I am, surprisingly, not. Or it’s not as strong as I expected it would be.
Now before all my friends think that I don’t miss them, I do. I miss you all tons and tons. And more tons. In fact, without all the people in my life, I *would* be quite homesick. I miss hanging out and eating and drinking and training and laughing with all of you. I miss a good cheeseburger with a glass of cheap-yet-delicious red wine from Trader Joe’s, or a glass of Bulleit on the rocks. I miss my dog quite a bit too. I miss training in my school, and my favorite bubble tea spot, and my favorite bar (I’m looking at you Bar Dobre!) I miss hiking trails in cool evergreen forests.
There’s things I don’t miss, but that’s not the point.
The point is that even though I truly do miss all those people and places and things, I don’t feel homesick, like I’ve felt it in the past. My prior experience with homesickness was when I was in Japan for 2.5 weeks or when I was in Spain for a mere 10 days. It’s important to note that those two trips occurred in 1999 and 2001, respectively, and in both cases I did not travel alone. About a week into those trips, both of which I have far surpassed in length at this point, I felt quite homesick; longing for foods and comforts and people who were completely and absolutely unreachable, at least without extreme cost or effort. You start wishing that the trip would end sooner so you can go home and eat a nice reliable slice of pizza instead of trying to decipher what kind of meat you’re about to consume, and that everything around you just made sense and you could understand what everyone is saying all the time.
But that is not how I feel here, in Brazil, surrounded by a language that is VERY, VERY slowly becoming …um… intelligible? (Is that even a word? I think it should be, if it isn’t. But I think it is. Anyway.) While I miss all that stuff, there isn’t that ache that I felt before. And I think that it is because of one, single thing that I have now that I did not have then.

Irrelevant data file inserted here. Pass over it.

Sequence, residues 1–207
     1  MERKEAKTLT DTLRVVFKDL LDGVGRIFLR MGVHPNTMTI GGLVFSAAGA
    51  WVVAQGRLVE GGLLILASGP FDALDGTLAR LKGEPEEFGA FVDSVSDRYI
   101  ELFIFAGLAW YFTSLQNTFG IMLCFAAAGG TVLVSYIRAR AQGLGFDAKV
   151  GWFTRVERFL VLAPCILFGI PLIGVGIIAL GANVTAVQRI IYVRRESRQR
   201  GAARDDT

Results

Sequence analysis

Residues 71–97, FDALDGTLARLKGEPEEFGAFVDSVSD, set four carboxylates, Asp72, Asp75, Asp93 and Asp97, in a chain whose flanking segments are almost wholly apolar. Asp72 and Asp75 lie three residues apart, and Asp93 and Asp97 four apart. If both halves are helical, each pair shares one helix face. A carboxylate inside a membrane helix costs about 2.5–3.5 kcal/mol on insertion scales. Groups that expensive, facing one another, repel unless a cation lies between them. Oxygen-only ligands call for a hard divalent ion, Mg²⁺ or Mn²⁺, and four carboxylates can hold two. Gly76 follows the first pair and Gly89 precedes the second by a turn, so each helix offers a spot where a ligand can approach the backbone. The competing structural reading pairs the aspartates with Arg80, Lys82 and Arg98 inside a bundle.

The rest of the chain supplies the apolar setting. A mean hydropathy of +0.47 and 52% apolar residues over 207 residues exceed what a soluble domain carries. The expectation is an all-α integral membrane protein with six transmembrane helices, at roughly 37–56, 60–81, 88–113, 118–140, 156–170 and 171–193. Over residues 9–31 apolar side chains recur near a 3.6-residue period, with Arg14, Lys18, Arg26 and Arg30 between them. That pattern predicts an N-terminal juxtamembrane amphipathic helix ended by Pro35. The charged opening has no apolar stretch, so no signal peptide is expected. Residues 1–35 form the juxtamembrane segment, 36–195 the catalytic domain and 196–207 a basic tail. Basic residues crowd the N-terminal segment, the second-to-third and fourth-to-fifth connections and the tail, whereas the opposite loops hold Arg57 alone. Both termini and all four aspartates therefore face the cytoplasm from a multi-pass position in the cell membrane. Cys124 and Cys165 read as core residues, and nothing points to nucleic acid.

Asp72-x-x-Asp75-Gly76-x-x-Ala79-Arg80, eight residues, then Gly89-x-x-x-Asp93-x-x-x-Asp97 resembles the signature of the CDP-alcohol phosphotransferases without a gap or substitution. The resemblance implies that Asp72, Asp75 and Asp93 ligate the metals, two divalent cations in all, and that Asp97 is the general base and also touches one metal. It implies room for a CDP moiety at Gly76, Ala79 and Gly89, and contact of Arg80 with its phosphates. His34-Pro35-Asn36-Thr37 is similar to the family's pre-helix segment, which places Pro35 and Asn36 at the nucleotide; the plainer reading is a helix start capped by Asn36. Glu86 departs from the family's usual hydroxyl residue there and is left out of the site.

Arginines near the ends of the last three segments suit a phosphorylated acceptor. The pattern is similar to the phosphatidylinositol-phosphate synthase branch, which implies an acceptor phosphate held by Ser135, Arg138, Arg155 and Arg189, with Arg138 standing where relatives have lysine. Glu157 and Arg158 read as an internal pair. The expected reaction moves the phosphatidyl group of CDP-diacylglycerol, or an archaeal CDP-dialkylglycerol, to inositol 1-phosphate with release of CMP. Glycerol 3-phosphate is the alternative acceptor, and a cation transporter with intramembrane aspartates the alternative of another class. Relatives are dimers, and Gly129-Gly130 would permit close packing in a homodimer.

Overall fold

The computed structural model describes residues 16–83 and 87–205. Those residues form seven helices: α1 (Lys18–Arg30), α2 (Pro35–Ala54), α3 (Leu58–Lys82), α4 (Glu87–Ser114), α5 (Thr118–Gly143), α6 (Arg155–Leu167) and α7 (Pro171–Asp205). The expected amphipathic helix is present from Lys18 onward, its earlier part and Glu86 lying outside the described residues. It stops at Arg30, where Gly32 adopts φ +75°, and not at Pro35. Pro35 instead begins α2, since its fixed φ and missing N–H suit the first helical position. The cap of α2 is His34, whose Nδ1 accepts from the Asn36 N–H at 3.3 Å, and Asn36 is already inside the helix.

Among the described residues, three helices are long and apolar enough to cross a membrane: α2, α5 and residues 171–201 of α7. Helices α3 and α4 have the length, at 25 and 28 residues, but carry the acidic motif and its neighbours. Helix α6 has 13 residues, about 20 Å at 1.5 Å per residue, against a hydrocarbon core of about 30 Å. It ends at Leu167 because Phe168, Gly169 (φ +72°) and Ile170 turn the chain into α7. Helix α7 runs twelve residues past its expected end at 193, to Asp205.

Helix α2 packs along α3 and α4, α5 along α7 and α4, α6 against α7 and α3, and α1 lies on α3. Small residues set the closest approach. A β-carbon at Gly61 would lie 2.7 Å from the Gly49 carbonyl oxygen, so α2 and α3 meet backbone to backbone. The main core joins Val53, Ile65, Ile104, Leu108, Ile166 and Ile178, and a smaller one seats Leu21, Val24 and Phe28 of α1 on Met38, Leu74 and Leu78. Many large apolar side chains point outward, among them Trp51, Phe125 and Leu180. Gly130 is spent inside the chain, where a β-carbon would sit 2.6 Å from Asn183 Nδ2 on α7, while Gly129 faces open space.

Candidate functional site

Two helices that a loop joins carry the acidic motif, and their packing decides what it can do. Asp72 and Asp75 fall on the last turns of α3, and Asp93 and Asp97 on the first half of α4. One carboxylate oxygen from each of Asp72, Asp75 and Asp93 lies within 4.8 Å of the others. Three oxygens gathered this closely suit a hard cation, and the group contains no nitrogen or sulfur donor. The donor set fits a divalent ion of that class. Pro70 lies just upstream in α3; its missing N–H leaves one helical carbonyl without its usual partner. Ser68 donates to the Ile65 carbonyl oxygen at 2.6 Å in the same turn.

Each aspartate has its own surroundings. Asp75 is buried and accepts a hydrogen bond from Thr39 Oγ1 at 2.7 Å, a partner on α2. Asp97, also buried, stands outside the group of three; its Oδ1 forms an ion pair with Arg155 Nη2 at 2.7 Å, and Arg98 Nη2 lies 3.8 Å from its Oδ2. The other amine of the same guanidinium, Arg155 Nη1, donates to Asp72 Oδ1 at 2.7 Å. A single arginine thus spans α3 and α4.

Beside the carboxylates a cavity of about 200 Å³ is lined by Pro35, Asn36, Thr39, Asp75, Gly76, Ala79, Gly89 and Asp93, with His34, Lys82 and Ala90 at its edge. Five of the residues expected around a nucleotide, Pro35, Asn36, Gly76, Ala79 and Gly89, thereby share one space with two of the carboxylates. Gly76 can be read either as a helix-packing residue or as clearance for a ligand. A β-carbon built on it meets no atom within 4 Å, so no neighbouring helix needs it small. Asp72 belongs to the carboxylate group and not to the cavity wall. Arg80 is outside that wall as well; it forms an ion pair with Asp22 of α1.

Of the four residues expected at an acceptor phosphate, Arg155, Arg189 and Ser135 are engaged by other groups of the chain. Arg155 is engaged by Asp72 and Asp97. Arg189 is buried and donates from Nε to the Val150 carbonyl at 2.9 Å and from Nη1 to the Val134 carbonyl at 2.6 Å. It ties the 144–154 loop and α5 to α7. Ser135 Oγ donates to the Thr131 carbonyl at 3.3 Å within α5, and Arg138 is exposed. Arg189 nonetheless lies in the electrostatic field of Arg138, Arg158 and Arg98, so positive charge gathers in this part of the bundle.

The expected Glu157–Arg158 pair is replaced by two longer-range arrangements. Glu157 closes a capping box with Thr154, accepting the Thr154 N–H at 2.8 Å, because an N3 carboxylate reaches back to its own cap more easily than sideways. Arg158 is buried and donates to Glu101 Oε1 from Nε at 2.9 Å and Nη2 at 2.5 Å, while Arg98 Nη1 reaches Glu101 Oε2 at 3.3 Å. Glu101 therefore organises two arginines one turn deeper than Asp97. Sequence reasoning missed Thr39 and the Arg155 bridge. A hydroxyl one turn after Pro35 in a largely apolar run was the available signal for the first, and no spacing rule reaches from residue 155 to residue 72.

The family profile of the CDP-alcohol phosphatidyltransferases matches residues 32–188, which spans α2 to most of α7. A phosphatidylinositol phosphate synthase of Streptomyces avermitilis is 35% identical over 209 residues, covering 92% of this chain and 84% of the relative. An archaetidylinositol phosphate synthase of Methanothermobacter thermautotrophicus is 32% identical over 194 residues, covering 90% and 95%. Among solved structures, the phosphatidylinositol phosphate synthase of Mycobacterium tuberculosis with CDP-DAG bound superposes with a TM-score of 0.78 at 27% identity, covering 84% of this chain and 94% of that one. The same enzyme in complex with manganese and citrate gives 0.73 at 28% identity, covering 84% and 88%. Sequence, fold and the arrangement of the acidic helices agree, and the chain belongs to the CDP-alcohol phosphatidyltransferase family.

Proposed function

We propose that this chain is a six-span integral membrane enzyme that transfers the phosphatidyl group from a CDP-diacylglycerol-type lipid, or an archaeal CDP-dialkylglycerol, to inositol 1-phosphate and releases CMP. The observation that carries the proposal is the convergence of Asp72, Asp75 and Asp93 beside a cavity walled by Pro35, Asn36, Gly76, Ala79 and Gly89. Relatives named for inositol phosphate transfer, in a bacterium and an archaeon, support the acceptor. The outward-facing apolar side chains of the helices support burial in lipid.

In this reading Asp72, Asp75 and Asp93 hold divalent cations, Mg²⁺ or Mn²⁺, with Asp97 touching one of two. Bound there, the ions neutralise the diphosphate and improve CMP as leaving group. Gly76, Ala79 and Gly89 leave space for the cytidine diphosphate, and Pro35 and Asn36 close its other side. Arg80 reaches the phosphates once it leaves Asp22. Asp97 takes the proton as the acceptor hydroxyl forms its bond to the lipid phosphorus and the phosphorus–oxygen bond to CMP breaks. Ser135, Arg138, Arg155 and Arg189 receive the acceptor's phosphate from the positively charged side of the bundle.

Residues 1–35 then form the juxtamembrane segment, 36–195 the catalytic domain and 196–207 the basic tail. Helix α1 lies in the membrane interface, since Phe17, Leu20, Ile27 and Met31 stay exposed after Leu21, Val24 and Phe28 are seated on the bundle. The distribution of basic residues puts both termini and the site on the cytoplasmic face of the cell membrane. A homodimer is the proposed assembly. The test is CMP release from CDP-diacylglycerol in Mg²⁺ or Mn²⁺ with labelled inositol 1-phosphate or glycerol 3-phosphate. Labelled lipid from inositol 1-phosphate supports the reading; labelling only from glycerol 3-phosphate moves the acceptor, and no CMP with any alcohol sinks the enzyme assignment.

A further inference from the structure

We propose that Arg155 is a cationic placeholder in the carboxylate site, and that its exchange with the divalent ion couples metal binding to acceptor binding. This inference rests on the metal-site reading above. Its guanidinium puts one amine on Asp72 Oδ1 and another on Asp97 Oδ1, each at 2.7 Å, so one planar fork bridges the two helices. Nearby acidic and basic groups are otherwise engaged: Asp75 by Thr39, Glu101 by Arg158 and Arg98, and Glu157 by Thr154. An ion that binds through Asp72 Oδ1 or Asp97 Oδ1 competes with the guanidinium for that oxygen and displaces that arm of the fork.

And even though I am a huge proponent of the fact that Facebook, Twitter, blogs and other forms of social media have created a large and somewhat disturbing illusion of intimacy which I fear might change human connections in ways that are not totally for the best, it sure does for in a pinch when you’re roughly 6500 miles away from home and want to feel like your friends haven’t forgotten you. And I also get to share my thoughts and experiences back, and know that there are people out there in the world who are reading. It is these digital social interactions, via email, Facebook, Twitter, and text messages that are keeping what could be a pretty intense bout of homesickness well and truly at bay.
I’ve come across some coisas muito interessantes as I’ve been wandering around Brazil. Here’s an image gallery of those which definitely made an impression on me. Use the left and right arrow keys to navigate:
This seems a bit more forceful than 'Hey little birdies, please don't sit here and poop.' This is more like 'GET THE FUCK AWAY OR I KEEEEEEEEEEEEL YOOOOOOOOOOO!!!'
Taking pinkeye to a whole new level.
MEGA KEY! Why have a plain old boring flat key when you can have a MEGA KEY! It slices and dices and doubles as a philips screwdriver! NOW WITH EVEN MORE KEY.
I stared for good few seconds before I realized it's most likely Portuguese for hummus. I think. I hope.
Bug Zapper 1000
I love this thing. I plan on bringing one home. It actually works. Goodbye bugs.
Food Starter Kit